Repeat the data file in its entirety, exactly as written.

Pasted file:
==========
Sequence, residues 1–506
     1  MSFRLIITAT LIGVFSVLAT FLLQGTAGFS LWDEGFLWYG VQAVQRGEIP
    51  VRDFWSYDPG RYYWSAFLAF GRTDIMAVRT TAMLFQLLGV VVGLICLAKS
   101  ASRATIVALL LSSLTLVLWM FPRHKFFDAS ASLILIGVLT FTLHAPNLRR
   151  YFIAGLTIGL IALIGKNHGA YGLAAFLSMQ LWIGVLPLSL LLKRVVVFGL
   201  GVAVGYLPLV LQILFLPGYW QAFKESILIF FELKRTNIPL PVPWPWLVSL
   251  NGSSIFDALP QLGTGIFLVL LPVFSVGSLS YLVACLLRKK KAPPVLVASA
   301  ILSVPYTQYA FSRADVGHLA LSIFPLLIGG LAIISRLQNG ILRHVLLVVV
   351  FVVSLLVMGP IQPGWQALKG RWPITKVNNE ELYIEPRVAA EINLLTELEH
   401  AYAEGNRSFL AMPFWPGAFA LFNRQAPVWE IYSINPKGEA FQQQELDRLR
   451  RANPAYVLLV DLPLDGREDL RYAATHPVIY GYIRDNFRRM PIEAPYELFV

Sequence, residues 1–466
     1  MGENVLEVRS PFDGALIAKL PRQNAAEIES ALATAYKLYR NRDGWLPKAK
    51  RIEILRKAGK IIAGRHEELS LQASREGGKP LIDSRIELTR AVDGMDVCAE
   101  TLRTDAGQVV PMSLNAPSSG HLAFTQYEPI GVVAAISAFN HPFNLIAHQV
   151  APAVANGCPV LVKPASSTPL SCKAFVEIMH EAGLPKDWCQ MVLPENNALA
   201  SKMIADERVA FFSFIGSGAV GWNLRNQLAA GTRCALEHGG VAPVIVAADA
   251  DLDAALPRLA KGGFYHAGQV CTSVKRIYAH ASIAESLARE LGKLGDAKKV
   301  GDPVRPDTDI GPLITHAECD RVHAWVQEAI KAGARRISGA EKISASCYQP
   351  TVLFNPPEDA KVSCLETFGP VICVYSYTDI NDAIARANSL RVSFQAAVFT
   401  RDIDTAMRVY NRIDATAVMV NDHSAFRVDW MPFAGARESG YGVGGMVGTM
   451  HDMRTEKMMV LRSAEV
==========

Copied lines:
Sequence, residues 1–506
     1  MSFRLIITAT LIGVFSVLAT FLLQGTAGFS LWDEGFLWYG VQAVQRGEIP
    51  VRDFWSYDPG RYYWSAFLAF GRTDIMAVRT TAMLFQLLGV VVGLICLAKS
   101  ASRATIVALL LSSLTLVLWM FPRHKFFDAS ASLILIGVLT FTLHAPNLRR
   151  YFIAGLTIGL IALIGKNHGA YGLAAFLSMQ LWIGVLPLSL LLKRVVVFGL
   201  GVAVGYLPLV LQILFLPGYW QAFKESILIF FELKRTNIPL PVPWPWLVSL
   251  NGSSIFDALP QLGTGIFLVL LPVFSVGSLS YLVACLLRKK KAPPVLVASA
   301  ILSVPYTQYA FSRADVGHLA LSIFPLLIGG LAIISRLQNG ILRHVLLVVV
   351  FVVSLLVMGP IQPGWQALKG RWPITKVNNE ELYIEPRVAA EINLLTELEH
   401  AYAEGNRSFL AMPFWPGAFA LFNRQAPVWE IYSINPKGEA FQQQELDRLR
   451  RANPAYVLLV DLPLDGREDL RYAATHPVIY GYIRDNFRRM PIEAPYELFV

Sequence, residues 1–466
     1  MGENVLEVRS PFDGALIAKL PRQNAAEIES ALATAYKLYR NRDGWLPKAK
    51  RIEILRKAGK IIAGRHEELS LQASREGGKP LIDSRIELTR AVDGMDVCAE
   101  TLRTDAGQVV PMSLNAPSSG HLAFTQYEPI GVVAAISAFN HPFNLIAHQV
   151  APAVANGCPV LVKPASSTPL SCKAFVEIMH EAGLPKDWCQ MVLPENNALA
   201  SKMIADERVA FFSFIGSGAV GWNLRNQLAA GTRCALEHGG VAPVIVAADA
   251  DLDAALPRLA KGGFYHAGQV CTSVKRIYAH ASIAESLARE LGKLGDAKKV
   301  GDPVRPDTDI GPLITHAECD RVHAWVQEAI KAGARRISGA EKISASCYQP
   351  TVLFNPPEDA KVSCLETFGP VICVYSYTDI NDAIARANSL RVSFQAAVFT
   401  RDIDTAMRVY NRIDATAVMV NDHSAFRVDW MPFAGARESG YGVGGMVGTM
   451  HDMRTEKMMV LRSAEV